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Bobby Boswell breaks down D.C. United's defeat in New Jersey

As United got back on the practice field on Tuesday in preparation for LA Galaxy's visit this weekend, Bobby Boswell broke down United's shortcomings from their loss to NYRB

Jim O'Connor-USA TODAY Sports

On a brisk Tuesday morning, D.C. United returned to the practice field in hopes of righting all the wrongs from the weekend's thorough defeat at the hands of their Atlantic Cup rivals, the New York Red Bulls. Outplayed for 90 minutes, United didn't look capable of earning any sort of result after Bradley Wright-Phillips opener in the 25th minute, and Chris Pontius' late penalty miss summed up United's day perfectly.

While the time to start looking forward to the visit from the LA Galaxy is nigh, United captain Bobby Boswell took time after practice to break down what he saw wrong with the team's performance on Sunday. While problems persisted all over the field, Boswell focused in on what went wrong defensively, and how he thought the back five could improve on their less than stellar performance.

"You have to learn from [the loss]," Boswell told reporters after practice. "We watched the video today, and now we'll work on some things to get ready for the MLS Cup Champs [LA Galaxy]. When you win a game, you can't live in that moment for too long, and if you lose one, you got to learn from it. Sometimes losses tell you more about yourself than wins. You got to use [the loss] the right way, and if we do that, we will be alright."

The first big spot of bother for United's back line was the goal conceded to Wright-Phillips halfway through the first half. A long ball from midfield from Dax McCarty saw Steve Birnbaum and Boswell spaced too far apart, which allowed the 2014 Golden Boot winner to gather the ball, and then lash a shot home for the game winning goal. United couldn't recover from that, but Boswell felt that the situation was borne out of several events occurring at once, rather than just one mistake from an individual.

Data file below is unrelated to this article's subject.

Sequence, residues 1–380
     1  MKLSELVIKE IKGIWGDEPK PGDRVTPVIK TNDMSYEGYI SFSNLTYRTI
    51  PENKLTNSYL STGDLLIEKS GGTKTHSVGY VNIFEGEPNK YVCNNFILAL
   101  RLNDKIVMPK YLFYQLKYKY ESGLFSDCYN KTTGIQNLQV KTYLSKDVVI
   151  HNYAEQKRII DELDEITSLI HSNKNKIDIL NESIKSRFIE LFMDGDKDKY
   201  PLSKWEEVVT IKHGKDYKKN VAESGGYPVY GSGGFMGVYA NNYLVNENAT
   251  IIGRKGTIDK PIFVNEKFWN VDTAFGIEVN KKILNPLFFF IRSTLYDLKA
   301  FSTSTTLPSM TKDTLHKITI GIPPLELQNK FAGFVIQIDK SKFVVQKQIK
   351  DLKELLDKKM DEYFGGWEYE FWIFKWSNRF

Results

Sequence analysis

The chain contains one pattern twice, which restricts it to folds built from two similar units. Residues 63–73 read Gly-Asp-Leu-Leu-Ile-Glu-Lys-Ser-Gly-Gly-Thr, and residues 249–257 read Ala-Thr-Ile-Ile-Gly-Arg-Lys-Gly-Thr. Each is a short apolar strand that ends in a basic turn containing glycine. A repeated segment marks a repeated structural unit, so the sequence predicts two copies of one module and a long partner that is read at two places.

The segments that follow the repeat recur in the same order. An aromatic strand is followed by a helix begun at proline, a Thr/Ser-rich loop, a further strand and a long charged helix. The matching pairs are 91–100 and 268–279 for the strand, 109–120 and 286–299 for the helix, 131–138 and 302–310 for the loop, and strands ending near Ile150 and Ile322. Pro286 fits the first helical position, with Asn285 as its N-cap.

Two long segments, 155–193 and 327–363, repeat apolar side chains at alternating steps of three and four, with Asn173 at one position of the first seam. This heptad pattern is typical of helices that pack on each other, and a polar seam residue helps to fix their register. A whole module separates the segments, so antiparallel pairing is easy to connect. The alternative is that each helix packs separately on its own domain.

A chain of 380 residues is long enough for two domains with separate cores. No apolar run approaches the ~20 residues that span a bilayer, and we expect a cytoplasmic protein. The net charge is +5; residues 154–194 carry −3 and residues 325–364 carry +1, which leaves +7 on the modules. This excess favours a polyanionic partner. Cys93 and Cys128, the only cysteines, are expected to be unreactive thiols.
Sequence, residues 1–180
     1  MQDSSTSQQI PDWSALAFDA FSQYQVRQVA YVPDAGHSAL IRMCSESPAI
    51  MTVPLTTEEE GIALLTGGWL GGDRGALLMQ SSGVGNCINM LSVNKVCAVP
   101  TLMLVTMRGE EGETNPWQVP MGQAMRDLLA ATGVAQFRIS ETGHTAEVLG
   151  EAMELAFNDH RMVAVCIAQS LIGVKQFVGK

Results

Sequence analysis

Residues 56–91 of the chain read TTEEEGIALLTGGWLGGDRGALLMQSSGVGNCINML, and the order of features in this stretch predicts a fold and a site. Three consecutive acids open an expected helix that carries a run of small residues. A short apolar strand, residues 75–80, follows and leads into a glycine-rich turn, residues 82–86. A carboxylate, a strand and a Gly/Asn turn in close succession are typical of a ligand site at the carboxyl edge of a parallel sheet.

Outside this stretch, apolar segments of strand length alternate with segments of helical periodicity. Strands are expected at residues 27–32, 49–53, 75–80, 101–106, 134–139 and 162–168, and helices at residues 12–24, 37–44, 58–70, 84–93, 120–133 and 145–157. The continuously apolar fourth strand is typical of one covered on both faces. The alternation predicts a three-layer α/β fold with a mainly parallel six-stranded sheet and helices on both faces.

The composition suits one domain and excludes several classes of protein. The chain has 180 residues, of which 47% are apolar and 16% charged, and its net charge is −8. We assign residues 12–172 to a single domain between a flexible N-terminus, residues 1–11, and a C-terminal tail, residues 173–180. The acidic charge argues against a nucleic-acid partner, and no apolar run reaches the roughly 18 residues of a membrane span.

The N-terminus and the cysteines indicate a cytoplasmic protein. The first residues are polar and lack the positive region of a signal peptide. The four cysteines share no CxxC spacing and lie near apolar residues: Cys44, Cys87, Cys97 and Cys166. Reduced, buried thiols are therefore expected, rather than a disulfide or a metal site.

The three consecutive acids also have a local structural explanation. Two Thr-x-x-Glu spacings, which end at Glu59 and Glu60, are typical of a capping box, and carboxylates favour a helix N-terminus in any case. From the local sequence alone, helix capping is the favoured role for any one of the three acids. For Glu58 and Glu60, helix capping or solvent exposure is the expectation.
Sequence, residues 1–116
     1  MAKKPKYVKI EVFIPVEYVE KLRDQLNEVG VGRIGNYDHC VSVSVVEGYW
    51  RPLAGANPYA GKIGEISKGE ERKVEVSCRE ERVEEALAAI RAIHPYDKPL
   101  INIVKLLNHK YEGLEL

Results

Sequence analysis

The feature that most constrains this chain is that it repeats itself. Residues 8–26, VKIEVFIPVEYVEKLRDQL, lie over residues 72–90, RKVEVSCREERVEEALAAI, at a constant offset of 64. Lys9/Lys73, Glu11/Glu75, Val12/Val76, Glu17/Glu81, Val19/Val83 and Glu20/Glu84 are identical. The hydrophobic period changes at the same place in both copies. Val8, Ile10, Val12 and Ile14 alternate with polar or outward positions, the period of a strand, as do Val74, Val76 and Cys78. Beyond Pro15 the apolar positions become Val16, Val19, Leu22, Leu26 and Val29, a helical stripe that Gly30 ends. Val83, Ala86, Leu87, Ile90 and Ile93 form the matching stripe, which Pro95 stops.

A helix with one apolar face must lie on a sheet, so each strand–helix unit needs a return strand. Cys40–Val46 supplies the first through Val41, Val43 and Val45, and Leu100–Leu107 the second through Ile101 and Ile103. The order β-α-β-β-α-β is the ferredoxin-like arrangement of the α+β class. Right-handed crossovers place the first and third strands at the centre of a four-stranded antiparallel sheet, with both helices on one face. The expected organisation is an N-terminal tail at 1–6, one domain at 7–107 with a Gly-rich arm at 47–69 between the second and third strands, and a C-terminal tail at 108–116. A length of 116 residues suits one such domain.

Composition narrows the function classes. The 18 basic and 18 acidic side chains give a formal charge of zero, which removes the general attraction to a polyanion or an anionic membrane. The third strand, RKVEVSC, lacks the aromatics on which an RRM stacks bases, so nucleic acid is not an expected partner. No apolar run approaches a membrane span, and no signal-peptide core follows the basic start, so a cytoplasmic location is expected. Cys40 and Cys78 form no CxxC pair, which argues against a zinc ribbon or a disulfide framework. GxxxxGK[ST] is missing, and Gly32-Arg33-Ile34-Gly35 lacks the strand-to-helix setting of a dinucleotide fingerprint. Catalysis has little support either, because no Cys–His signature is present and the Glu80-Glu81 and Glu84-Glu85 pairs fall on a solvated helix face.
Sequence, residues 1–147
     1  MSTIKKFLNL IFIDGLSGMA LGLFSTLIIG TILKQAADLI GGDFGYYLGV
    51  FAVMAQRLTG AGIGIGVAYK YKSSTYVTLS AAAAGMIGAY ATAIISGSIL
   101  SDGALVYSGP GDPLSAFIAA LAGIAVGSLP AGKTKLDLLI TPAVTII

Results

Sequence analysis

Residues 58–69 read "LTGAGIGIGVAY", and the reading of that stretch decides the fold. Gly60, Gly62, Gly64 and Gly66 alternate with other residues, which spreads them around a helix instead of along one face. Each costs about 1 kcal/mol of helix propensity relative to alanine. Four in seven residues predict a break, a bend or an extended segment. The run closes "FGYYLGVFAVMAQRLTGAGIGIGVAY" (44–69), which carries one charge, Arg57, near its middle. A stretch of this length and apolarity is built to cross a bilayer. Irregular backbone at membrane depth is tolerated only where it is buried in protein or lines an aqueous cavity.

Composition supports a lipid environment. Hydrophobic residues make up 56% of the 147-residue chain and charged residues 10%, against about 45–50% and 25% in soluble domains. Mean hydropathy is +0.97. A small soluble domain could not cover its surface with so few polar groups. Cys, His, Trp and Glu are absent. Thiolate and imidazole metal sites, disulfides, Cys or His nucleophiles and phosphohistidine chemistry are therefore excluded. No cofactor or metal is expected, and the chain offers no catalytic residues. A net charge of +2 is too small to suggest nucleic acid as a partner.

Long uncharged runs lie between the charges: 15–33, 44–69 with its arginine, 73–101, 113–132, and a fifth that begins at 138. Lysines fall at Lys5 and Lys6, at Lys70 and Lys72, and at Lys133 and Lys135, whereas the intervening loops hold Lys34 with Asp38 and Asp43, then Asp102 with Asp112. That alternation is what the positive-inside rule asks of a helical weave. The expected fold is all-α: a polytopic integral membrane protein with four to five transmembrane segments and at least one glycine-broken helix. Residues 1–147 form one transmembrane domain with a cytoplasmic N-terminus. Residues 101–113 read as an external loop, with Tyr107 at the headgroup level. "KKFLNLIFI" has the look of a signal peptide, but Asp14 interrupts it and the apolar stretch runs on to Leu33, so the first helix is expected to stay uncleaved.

"We talked out the first goal on Sunday," Boswell said. "[Birnbaum and I] acknowledged, and Bill [Hamid] included, we all could have done something differently. It's when you have a series of mistakes like that that usually leads to a goal, it's not always just one guy. We take accountability for it, and that's really all you want. You want honest defending and guys that hold themselves accountable."

Manager Ben Olsen saw something similar from his perspective on the sideline, and thought the issue started with Boswell and Birnbaum and Hamid not being on the same page.

"I think it the first goal was soft," Olsen said on Tuesday. "It was a little bit of the old fly ball, the 'you got it, I got it'. A little communication solves that."

Boswell noted that while the communication was far from ideal on the first goal, that time spent in the film room and the practice field are ways to fix the issues, and that United had the kind of set up and experience that would help United bounce back quickly.

"We are watching video of every game. Goals are sometimes obvious indicators to the outside [media and fans]," Boswell said. "But there are little things that we watch all the time and try to work on. Whether its communication or positioning, there is room for improvement. Whether we give up four or five goals in a game or we keep a shutout, there's still room for improvement. It never stops. Obviously we want to be on the end of more zero games than not, but goals are going to happen for one reason or another. And it's correcting it to make sure it doesn't happen again the same way."

Wright-Phillips goal was hardly the only hiccup from the Black-and-Red. United's inability to retain possession against New York's three man midfield. Veteran midfielder Davy Arnaud's critical turnover in United's end in the second half led directly to Lloyd Sam's goal, which essentially ended the match as a contest. But on the other end of the field, the inability to hold on to the ball to create chances meant that United's looks at goals were few and far between.

Knowing that teams will endure off days that they must overcome goes a long way in determining who succeeds in the league however.

"I thought they took care of the ball better than we did. We knew that when we watched video, we saw how we turned the ball over in bad spots," said Boswell. "We had some chances we didn't finish and they had some chances they did, and that's the way soccer goes. You're going to have good days and bad days, and it's the teams that can win the in between ones that usually make the playoffs, and the teams that don't are watching at the end of the year."